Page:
7. Parents of children with CP, especially parents of children with the greatest motor ability challenges (GMFCS level V), need support for caregiving. There needs to be more resources for families to help their children achieve the best possible self-care abilities.
  8. Formal and informal supports and interventions need to be individualized so they are acceptable to each family’s social and environmental culture.
  9. All children, regardless of motor abilities, showed a high level of enjoyment as they participated in activities. A wide range of supports may be needed to help children with greater motor challenges achieve the best possible levels of participation in play.
  10. Families need assistance accessing both therapy and recreation programs that incorporate muscle strengthening, flexibility, and cardiovascular exercises in the context of activities for children of all abilities.
  11. There is a need for coordinated care, including monitoring children’s health, and providing information to families. Service providers should make referrals to other appropriate health professionals as indicated.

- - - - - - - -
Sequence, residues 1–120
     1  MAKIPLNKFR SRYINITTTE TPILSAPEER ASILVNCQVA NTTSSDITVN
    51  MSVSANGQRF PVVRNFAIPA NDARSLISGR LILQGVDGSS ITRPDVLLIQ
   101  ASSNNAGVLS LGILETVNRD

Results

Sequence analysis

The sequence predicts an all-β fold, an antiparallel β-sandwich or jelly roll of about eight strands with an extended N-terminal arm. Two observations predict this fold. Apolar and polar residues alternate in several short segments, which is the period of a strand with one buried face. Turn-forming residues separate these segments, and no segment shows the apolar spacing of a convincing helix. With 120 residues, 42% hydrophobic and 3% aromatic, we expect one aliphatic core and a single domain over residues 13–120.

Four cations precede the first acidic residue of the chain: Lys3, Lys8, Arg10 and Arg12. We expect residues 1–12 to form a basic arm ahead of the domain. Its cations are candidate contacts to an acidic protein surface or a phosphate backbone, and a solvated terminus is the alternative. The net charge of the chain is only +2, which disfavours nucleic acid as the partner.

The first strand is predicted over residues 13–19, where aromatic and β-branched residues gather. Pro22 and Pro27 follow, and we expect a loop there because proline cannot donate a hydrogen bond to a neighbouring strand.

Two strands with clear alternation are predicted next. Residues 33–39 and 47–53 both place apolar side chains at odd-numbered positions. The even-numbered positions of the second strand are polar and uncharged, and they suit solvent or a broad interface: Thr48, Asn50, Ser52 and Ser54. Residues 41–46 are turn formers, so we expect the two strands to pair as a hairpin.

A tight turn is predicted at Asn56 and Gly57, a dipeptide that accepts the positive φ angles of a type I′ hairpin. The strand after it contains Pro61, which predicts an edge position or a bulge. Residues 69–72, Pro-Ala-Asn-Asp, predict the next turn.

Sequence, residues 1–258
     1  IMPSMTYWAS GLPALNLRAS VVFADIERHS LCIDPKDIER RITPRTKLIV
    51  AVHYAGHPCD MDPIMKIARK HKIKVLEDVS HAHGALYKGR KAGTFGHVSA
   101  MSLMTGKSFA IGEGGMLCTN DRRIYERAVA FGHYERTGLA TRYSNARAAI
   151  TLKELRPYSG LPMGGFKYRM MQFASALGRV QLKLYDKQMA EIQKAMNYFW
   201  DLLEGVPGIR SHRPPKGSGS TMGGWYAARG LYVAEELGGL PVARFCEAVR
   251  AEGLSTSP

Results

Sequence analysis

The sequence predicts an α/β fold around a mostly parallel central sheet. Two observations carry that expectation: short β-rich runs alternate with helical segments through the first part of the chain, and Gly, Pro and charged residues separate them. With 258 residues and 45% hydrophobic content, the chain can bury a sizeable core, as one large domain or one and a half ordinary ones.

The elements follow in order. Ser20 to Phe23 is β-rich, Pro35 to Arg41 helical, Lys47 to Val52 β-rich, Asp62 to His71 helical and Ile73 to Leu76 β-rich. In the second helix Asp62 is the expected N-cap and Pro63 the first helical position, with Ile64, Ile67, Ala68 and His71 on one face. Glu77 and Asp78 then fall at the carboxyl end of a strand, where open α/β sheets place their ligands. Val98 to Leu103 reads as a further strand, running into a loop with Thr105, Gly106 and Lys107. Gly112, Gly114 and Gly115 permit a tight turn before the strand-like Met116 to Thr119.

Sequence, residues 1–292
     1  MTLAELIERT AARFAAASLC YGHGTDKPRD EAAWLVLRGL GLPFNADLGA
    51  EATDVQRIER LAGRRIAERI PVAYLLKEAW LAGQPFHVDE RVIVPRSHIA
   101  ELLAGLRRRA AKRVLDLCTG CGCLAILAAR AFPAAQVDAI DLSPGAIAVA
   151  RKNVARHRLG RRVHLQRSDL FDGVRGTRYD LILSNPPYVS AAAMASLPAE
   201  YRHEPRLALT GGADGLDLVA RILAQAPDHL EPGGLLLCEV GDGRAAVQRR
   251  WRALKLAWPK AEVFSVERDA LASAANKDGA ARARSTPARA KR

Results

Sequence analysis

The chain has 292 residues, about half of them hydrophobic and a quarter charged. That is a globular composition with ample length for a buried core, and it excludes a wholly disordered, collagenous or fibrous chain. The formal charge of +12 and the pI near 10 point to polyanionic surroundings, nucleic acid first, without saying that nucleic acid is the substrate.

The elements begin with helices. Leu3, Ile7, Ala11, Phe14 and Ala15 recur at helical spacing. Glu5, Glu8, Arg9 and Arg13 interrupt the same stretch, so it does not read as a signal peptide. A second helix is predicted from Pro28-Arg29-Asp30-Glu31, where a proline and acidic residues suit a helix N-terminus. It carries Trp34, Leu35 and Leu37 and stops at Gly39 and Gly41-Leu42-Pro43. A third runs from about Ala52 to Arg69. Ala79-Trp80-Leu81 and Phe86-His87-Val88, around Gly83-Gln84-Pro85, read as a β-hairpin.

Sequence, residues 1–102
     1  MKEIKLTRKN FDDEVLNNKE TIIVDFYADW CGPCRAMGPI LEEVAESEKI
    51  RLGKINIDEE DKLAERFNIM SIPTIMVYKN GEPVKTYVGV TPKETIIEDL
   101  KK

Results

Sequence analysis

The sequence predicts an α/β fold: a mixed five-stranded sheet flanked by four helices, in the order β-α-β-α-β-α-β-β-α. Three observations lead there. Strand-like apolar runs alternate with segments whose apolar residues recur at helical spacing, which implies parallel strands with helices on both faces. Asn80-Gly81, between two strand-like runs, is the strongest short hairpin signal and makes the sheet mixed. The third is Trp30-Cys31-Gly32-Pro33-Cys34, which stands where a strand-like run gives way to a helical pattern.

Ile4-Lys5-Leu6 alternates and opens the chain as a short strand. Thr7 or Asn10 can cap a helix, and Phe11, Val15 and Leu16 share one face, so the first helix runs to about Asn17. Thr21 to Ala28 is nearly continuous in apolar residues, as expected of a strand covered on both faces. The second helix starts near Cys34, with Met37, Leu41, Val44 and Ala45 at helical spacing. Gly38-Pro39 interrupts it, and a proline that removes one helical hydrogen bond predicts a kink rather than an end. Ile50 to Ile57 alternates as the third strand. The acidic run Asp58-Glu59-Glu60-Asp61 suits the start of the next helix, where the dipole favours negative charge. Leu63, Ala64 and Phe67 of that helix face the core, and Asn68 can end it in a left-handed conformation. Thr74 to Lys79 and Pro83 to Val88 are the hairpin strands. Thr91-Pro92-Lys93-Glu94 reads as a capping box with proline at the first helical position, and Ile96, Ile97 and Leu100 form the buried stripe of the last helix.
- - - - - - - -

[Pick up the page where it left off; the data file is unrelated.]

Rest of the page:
12. Addressing parents’ concerns in intervention is essential. There needs to be a shift in thinking from “fix the child” to “fix the environment”.
  13. Parents need to be presented with choices when it comes to care decisions. Parents need help to find resources for supports and expert information.

How Administrators and Policy Makers Can Help:

  • Recognize the complexity of factors associated with a variety of child outcomes for young children with CP
  • Recognize the challenge service providers experience in supporting children with CP and their families
  • Ensure service providers have opportunities to be mentored appropriately to develop the necessary expertise to support children with CP and their families
  • Provide services with both formal and informal supports
  • Recognize the importance of indirect therapy time to access appropriate information and resources for children and families